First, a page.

“‘You can say Greece is one of the countries that are taking advantage of the materialization of the Chinese president’s dream: to become the Marco Polo of the twenty-first century’,” Vernicos tells Chiu, referring to Xi Jinping’s “China Dream,” shorthand for Xi’s ambitions to make the People’s Republic of China into a global great power. Speaking of the financial fallout from the Greek debt crisis and the ensuing negotiations with European and other creditors, Vernicos adds, “In a period when Greece was under financial strain difficulties and needing investment, this [i.e. Greece’s good fortune in being “the gateway between Asia and Europe in the New Silk Road”] was like a gift from God!”
In Russia, too, Chiu meets those who welcome Chinese investment in once-flagging locales. Among those who express enthusiasm about China’s economic and political growth are jewelry shop owners in the Lake Baikal area. Pre-pandemic, Lake Baikal jewelers did a brisk business in Chinese tourism and were able to sell their wares “at exorbitant prices” to visitors flush with renminbi.
Other Russians, however, are against the Chinese influx. The hidden costs of the easy money, some Russians say, are too steep, and there are too many unknowns. Take, for example, Sonya Buntovskaya, a Listvyanka resident who is “a prominent figure in the fight against ‘Chinese expansion’ in the region.” Even in bigger cities the same suspicion can be strong. St. Petersburg businessman “Igor,” who is profoundly skeptical about the Chinese influx there, is a case in point. “Almost all of the businesses here in St. Petersburg that cater to Chinese tourists or Chinese citizens who work here are illegal. All the money goes back to China,” Igor says.
Not everyone in Chiu’s book is a local, of course. Chiu speaks of Steve Bannon and Guo Wengui, for instance, the American politico-Chinese billionaire duo who took the political world by storm during the early days of the Trump presidency. We also meet Bob Hawke, the Australian prime minister who “gave a raw, emotional speech” during “a memorial service at Parliament House in the wake of the 1989 Tiananmen Massacre,” the influential Italian China-hand Michele Geraci, Turkish president Recep Tayyip Erdoğan, and Canadian prime minister Justin Trudeau. But in the stories about these and other headliners in the “chaos under Heaven” prevailing during China’s rise, we can see, at a remove and yet in some ways even more clearly, the havoc wreaked in tiny lives caught in the maelstrom. Big names can make their own luck to an extent. Small business owners in Kazakhstan are at the mercy of Beijing, and whoever in Kazakhstan decides either to toady to the Communists or to defy them. Either way, the nameless bear the brunt of the consequences.
Chiu’s stories are compelling, but not all of China Unbound can be taken at face value. There are a few missteps along the way. For example, Chiu writes that, “In 1950, one of the first acts of the Red Army after its civil war victory [over the Guomindang] was to invade and annex Tibet, which for centuries had alternated between independence and rule by the Mongolians and Chinese dynasties.” This is historically inaccurate. It is not true that Tibet was ever ruled by a “Chinese” dynasty, even in the loose interpretation of that term. In their 2020 book Tibet Brief 20/20, Michael van Walt van Praag and Miek Boltjes dismantle the myth, which has been generated by the PRC to legitimate its mid-century invasion and subsequent anti-Tibetan genocide, that Tibet was ever ruled by the PRC, the Republic of China, the Qing Dynasty, the Ming, or the Yuan. Also, it plays into the current Communist regime’s ethno-fascist rhetoric to call non-Han dynasties (such as the Qing (Manchurian) and the Yuan (Mongol)) “Chinese.” There are still some stories in Asia which must be told, the Tibetans’ chief among them.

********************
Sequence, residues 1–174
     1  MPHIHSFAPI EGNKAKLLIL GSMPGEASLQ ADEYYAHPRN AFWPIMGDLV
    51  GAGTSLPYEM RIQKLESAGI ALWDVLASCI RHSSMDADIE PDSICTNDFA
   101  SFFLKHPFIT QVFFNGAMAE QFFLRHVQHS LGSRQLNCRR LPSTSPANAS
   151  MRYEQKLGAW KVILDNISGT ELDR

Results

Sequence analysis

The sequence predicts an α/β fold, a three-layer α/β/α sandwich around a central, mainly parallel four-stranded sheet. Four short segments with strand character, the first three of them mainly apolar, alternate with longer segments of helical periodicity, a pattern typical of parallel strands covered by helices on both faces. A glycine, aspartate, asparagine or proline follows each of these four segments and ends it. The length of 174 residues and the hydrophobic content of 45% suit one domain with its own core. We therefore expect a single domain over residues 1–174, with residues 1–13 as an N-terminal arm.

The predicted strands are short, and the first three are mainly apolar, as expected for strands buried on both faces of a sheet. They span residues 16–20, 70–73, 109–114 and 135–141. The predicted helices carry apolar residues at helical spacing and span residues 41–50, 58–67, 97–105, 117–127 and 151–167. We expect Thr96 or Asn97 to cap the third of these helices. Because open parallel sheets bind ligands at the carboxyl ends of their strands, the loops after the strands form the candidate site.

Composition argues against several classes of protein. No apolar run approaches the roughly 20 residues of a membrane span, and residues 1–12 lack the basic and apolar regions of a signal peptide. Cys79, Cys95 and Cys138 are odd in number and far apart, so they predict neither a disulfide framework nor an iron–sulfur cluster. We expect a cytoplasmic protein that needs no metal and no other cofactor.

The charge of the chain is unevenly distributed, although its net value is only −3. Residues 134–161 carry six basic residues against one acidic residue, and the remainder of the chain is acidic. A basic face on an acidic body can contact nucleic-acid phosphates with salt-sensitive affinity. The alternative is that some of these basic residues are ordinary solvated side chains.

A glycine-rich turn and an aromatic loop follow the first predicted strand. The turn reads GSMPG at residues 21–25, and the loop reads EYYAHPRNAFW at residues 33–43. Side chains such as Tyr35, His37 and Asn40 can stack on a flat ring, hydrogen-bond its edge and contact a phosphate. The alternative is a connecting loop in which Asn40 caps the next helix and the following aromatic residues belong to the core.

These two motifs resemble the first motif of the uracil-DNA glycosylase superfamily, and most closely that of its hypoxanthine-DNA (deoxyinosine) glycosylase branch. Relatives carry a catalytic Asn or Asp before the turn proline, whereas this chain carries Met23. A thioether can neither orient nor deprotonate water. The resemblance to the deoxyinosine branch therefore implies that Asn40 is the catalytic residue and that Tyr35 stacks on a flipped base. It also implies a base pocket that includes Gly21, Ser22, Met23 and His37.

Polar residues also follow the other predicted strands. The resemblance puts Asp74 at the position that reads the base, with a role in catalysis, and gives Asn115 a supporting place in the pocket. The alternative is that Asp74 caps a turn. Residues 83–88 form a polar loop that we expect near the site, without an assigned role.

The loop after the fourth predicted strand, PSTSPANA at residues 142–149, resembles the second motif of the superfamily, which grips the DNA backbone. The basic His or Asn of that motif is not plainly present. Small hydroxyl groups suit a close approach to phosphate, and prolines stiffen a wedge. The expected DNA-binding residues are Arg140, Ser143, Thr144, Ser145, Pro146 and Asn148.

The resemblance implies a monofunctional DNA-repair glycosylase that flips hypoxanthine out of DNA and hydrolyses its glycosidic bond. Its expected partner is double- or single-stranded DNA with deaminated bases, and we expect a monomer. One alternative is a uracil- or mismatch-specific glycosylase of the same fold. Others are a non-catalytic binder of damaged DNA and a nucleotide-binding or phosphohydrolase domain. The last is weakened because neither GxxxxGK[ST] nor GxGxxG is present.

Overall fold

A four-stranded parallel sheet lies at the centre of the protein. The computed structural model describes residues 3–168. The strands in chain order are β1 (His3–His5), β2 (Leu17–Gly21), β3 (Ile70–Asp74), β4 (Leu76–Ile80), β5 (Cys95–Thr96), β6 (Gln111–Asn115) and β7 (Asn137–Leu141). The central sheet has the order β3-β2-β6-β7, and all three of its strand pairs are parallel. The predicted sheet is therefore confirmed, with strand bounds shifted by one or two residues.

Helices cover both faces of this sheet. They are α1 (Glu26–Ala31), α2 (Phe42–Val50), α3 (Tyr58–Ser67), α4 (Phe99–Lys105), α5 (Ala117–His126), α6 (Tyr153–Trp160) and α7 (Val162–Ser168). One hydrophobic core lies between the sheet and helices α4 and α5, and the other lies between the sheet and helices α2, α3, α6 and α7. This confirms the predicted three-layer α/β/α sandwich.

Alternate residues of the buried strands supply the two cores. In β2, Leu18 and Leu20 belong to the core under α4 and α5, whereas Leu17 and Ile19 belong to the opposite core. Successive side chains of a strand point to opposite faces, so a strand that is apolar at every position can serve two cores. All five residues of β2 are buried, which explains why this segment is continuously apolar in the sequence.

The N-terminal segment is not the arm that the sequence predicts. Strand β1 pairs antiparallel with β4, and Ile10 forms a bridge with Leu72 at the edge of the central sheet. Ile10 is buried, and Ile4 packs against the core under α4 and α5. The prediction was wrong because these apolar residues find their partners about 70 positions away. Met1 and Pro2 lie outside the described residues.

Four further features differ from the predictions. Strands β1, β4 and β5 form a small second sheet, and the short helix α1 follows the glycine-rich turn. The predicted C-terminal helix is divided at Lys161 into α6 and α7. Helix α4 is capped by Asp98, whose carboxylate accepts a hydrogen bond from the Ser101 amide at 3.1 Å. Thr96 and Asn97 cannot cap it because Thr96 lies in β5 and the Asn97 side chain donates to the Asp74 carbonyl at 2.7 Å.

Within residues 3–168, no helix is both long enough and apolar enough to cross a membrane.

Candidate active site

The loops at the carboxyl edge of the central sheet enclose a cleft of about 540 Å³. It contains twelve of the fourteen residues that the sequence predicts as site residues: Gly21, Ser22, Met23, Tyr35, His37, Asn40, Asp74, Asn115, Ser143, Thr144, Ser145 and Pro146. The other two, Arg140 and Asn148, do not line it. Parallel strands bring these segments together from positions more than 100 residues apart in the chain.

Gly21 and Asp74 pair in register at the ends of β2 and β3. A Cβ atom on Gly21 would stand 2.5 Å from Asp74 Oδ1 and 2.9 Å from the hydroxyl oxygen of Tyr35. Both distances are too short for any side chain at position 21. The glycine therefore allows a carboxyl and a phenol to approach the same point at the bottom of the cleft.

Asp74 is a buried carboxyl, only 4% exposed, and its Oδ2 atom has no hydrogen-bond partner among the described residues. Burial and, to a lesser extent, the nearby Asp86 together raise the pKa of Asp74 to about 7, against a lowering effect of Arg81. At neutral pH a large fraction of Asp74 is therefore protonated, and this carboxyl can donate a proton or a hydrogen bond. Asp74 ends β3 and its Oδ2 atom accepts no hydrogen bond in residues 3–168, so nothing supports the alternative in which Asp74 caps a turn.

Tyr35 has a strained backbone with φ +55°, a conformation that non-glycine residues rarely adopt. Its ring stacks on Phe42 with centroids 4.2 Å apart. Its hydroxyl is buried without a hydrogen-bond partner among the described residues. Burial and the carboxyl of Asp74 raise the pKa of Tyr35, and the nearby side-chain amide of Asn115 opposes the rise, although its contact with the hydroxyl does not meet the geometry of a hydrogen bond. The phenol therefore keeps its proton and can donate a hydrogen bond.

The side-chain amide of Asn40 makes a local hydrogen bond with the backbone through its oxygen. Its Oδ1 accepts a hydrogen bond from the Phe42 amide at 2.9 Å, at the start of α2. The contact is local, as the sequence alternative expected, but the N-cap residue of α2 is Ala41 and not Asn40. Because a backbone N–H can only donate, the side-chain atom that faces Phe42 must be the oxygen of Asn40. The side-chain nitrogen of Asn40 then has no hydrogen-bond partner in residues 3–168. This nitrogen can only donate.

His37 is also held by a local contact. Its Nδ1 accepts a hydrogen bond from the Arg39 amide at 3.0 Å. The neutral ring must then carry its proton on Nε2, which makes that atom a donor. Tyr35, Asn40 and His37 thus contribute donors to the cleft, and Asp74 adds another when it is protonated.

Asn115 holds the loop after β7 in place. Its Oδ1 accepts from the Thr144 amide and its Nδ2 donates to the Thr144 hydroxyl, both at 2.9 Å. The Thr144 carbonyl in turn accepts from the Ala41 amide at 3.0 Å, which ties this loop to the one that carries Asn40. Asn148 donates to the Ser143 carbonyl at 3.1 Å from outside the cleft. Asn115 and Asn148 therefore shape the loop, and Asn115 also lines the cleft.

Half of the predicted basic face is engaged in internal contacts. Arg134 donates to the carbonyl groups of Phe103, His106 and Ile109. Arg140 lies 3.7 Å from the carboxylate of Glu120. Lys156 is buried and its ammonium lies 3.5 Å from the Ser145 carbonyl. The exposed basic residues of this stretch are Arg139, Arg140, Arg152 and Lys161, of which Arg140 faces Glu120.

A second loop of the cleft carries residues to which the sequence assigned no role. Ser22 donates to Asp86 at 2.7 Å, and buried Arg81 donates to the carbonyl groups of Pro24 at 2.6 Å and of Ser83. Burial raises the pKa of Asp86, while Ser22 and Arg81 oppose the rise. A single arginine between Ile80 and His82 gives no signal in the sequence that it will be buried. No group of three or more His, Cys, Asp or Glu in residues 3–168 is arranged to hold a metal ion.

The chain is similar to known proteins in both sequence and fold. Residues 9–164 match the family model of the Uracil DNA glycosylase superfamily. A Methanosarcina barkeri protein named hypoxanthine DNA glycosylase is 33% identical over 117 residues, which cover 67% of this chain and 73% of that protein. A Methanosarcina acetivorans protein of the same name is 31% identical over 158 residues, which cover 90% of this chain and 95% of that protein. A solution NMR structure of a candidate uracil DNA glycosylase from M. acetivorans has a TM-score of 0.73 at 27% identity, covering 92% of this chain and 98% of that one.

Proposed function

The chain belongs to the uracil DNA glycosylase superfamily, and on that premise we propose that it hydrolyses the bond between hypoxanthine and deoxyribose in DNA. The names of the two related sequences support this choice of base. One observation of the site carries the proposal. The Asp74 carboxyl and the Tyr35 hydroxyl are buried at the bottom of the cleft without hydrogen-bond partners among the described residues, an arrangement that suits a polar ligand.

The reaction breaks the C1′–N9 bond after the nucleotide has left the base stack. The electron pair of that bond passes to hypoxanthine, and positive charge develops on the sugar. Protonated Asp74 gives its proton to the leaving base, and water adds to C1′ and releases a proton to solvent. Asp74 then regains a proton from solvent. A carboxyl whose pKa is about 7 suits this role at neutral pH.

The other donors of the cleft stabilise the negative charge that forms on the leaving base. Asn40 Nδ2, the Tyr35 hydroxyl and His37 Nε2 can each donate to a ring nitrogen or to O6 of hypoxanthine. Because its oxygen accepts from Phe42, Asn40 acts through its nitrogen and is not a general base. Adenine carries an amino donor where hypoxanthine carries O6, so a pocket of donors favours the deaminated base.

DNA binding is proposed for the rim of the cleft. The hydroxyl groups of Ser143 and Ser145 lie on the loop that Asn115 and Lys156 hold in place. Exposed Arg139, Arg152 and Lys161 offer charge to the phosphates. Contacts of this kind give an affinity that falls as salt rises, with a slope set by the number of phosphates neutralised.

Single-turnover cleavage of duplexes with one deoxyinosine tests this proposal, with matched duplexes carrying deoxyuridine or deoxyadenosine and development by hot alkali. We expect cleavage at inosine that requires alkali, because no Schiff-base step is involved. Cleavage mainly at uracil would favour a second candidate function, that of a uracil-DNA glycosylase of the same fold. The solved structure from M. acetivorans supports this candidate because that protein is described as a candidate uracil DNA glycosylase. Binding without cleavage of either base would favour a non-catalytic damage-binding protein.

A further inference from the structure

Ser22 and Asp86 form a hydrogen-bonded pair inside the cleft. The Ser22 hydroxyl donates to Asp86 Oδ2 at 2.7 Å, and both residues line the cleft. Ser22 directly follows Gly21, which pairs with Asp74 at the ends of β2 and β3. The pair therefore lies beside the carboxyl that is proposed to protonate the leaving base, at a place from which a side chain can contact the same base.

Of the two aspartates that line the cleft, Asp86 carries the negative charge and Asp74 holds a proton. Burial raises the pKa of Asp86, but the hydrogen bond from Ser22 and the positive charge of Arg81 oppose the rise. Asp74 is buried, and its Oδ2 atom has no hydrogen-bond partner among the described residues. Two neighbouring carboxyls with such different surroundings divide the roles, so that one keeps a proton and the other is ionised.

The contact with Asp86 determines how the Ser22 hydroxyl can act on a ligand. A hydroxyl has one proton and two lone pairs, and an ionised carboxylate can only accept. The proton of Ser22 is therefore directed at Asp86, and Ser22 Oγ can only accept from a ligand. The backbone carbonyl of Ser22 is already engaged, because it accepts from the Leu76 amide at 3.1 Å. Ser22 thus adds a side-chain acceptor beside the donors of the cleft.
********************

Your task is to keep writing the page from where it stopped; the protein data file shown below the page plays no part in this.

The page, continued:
And, when listening to untold stories, it would be helpful if Chiu spent some time studying the little people in the United States as closely as she has listened to the nameless in Canada, Australia, Hong Kong, and beyond. “Despite his status as a billionaire,” Chiu says about Donald Trump on the campaign trail, launching into the familiar hectoring mode of the North American journalistic elite, “Trump tapped into frustration among white working-class voters who felt they had lost jobs to foreign competition in an unfairly globalized world. Entrenched anti-Communist sentiment and rampant xenophobia helped make his audience receptive.”
This is Jim Acosta-level analysis. Plastering over nuance when it comes to Trump voters—who, after all, are just as much put-upon by the “unbound” PRC as are working people in Europe or Asia—detracts from Chiu’s otherwise well-turned-out volume. It is also self-contradictory. If someone has lost his job to unfair globalization, how is it “anti-Communist” and “xenophobi[c]” to pay attention when a politician says he will help bring work back to a community again? If only Chiu had been as sympathetic to the little people in Indiana as she was to those in Siberia, Italy, and Istanbul.
China Unbound is not a perfect book, then. But it is a good one. Readers who already know that China and the United States are locked in conflict—and even those who do not—will want to pick up Joanna Chiu’s readable volume and learn what the world now looks like, in the shadows of the grappling giants, from the perspective of people scurrying around underfoot.
Jason Morgan is associate professor at Reitaku University in Kashiwa, Japan.